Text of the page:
[Aimone Sharif | Contributing Writer]
For our second edition of “Meet the lecturer” we met Dr Brilliant Sigabade Mhlanga, a Senior Lecturer in the School of Humanities and an internationally renowned researcher.
Dr Mhlanga is an exciting, eloquent speaker whose passion for teaching can be seen in the captivating way he delivers his lectures. We caught up with him as he was preparing for his presentation due to be delivered in Geneva, Switzerland where he would address the 7th Session of the United Nations’ Forum on Minority issues. He is also an Archbishop Desmond Tutu Fellow.
When we asked how Dr Mhlanga would describe himself, he replied “a rural African academic with a very strong passion for fighting for social justice, especially the oppressed of this world, in particular, the minorities, and also African issues; i.e., political issues”. He also emphasises that he has a history with issues linked to civil society activism.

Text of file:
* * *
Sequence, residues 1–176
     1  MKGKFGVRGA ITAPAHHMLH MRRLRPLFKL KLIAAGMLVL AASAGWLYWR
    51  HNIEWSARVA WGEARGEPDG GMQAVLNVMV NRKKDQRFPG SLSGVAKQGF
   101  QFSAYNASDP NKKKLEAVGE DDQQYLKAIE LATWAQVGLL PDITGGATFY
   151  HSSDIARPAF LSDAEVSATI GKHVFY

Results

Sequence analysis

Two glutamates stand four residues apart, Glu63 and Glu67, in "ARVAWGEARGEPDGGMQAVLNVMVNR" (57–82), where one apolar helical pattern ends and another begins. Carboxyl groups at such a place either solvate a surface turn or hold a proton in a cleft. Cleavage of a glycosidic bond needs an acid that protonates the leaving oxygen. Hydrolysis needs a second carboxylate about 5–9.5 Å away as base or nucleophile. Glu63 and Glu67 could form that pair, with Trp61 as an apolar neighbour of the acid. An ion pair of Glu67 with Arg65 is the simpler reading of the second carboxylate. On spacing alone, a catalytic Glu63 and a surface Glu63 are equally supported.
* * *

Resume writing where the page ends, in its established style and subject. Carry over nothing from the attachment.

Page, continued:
Mhlanga takes his time to make his lineage and history clear; he is descendant of Zulu warrior, Gibide. His forbearer was a confidant of the Zulu monarch, who then migrated to present day Matebeleland, in Zimbabwe, and was part of the arrangement of the Ndebele Kingdom (founded in the mid-1820s) under King Mzilikazi kaMatshobana; which gives Dr Mhlanga a direct link to Royalty. Brilliant refers himself as a Sigabade (pronounced S’ga-ba-de), as he points out, linking it with Zulu short stabbing spear, the assegai.” I am sure you noticed my name ‘Brilliant Sigabade Mhlanga’ that name defines who I am, it defines who we are…it defines our source of origin, as people of eMhlangeni”. Brilliant then resumes his history by saying “I am a Mthwakazian who has a very strong natal link with the Zulu nation given my identity and the fact of my belonging to a chieftaincy family- the Sigabade family. I can proudly proclaim that I am a Mthwakazian”.